“Schools in America are the most difficult organizations to change due to the culture.”
– Dr. Dan Lordy
As the regent’s reform agenda was rolled out educators heard a great deal about the new Common Core State Standards, the evaluation systems and APPR, and even the push to use data to inform instruction. The area that we did not hear as much about was the need to transform school culture. A positive school culture is the foundational element for change, not only from which to begin to address these Regents’ Reform Agenda elements, but also in order to sustain the work.
As I attended the Professional Learning Communities Summit in Phoenix it became apparent that at the heart of any reform, any move for change, is culture. The development of a positive school culture is not on the tips of everyone’s tongue, but is an essential part of all the work.
According to Dr. Anthony Muhammad, there are two forms of change: technical and cultural. Technical change seems to be what many schools focus in on. Technical change is the change in tools or structures in a school such as collaboration time, master schedules, data to be collected, etc. Although the importance of these changes must not be underestimated, changing the structures does not make up for human deficiencies like poor instruction or unprofessional behavior? Cultural change incorporates the human behavior within a school. According to Muhammad, culture will “eat structure for breakfast”. If a system is to maintain any reform, we must deal with the mentality of individuals within the organization, the cultural change. The organization must make decisions on what is best for students and to maximize learning by being student-focused rather than adult-centered. One question districts can ask is “What technical changes has your district proposed or implemented as an attempt to raise achievement and close the achievement gap? Did the technical change produce the desired boost in achievement? Why or why not?”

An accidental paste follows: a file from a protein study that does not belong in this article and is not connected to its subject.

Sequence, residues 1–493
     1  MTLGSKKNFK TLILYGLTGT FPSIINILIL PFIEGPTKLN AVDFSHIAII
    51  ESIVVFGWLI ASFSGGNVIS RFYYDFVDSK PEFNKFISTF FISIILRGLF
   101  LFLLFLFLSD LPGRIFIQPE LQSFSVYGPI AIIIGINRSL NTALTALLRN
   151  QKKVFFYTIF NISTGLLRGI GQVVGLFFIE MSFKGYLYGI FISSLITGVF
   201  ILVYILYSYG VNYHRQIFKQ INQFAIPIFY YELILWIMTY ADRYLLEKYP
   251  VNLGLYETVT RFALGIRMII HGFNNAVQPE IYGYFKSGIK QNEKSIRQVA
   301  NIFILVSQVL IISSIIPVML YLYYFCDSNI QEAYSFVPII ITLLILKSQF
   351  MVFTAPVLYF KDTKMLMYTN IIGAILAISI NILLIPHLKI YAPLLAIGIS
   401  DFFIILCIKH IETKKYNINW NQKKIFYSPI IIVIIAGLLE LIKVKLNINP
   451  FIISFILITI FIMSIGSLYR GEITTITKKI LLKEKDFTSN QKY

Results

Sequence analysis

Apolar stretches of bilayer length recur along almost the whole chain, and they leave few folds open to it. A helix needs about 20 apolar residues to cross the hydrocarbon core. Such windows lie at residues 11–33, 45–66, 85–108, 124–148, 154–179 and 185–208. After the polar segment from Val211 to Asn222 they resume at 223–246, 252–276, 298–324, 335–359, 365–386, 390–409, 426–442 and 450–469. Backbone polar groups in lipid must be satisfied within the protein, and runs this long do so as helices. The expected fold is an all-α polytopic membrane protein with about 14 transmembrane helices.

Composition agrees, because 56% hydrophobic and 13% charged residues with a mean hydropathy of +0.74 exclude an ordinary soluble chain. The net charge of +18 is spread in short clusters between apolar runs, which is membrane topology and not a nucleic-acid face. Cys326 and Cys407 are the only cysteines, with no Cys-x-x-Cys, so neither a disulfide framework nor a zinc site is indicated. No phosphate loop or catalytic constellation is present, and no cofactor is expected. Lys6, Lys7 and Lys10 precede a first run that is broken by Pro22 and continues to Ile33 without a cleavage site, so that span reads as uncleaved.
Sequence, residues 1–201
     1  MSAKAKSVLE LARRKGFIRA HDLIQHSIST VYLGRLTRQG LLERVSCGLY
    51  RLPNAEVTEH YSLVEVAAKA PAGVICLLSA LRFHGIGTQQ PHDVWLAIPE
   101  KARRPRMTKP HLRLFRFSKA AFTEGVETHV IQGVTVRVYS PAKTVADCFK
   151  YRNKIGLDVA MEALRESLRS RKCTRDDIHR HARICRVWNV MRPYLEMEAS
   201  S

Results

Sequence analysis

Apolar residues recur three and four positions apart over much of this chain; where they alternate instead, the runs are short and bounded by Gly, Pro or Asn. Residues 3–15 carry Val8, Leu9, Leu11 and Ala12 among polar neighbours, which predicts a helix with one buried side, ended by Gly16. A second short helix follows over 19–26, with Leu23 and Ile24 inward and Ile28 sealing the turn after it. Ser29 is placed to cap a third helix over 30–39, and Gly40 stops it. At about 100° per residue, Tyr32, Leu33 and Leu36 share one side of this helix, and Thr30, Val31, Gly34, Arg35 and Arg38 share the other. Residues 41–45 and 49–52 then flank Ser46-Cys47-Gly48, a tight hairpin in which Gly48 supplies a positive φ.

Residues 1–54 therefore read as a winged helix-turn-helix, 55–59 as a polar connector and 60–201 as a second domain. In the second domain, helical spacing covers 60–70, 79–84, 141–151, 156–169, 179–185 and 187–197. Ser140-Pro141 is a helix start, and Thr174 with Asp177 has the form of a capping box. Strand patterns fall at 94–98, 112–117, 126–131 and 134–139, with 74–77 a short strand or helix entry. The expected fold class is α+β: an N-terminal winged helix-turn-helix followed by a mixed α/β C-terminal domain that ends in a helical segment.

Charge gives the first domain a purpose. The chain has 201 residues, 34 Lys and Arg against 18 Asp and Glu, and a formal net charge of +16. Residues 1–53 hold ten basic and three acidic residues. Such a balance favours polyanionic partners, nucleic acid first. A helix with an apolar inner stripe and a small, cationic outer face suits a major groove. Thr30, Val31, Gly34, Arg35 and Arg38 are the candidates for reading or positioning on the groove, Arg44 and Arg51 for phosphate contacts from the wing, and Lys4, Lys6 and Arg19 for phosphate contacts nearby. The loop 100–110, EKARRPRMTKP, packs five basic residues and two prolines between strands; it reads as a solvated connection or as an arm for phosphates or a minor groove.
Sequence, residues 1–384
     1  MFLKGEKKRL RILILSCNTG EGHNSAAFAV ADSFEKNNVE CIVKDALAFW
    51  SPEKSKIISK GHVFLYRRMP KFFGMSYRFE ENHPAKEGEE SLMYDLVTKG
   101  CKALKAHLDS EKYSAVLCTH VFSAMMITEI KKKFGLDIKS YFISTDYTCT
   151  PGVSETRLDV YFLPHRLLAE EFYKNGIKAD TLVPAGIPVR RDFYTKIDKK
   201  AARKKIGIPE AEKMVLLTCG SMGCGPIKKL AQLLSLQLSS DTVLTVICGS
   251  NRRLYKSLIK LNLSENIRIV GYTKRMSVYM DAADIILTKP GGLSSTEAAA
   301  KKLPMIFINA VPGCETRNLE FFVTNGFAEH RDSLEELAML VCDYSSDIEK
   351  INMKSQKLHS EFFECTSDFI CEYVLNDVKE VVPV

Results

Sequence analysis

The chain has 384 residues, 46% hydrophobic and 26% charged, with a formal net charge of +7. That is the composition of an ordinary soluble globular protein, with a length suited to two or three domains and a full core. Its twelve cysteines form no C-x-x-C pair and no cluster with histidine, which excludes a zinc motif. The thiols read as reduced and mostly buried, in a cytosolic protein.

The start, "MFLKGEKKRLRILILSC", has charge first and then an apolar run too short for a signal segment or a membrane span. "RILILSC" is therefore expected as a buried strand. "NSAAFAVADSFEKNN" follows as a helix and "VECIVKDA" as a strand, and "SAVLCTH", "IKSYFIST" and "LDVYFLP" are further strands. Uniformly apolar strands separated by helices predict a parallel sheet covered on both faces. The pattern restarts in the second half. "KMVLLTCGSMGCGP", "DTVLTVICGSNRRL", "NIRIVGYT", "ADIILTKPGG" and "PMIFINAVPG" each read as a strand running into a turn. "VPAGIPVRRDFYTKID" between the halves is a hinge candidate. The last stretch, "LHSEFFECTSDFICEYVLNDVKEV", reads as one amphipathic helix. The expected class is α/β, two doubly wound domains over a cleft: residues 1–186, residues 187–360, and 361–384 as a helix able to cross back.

The overall goal is to transform school culture to a more healthy culture that supports staff and students alike. The following chart helps to identify the components of a healthy culture and a toxic culture.
Time and time again, as I am in schools, the conversation begins with student data, performance, and/ or instructional practice, but always turns to culture. Culture is the foundation from which everything else can be built upon. “When human beings are at their best, they are thoughtful, ethical, productive, and humane and a quality education can produce all of these attributes.” The culture that is experienced within the walls of our school will send a definite message that directly impacts the achievement of our students (Muhammad). So, as you begin to examine the next reform or initiative, reflect on your culture. Does the school culture demonstrate more characteristics of a healthy culture or that of a toxic culture?
Network Team Coordinator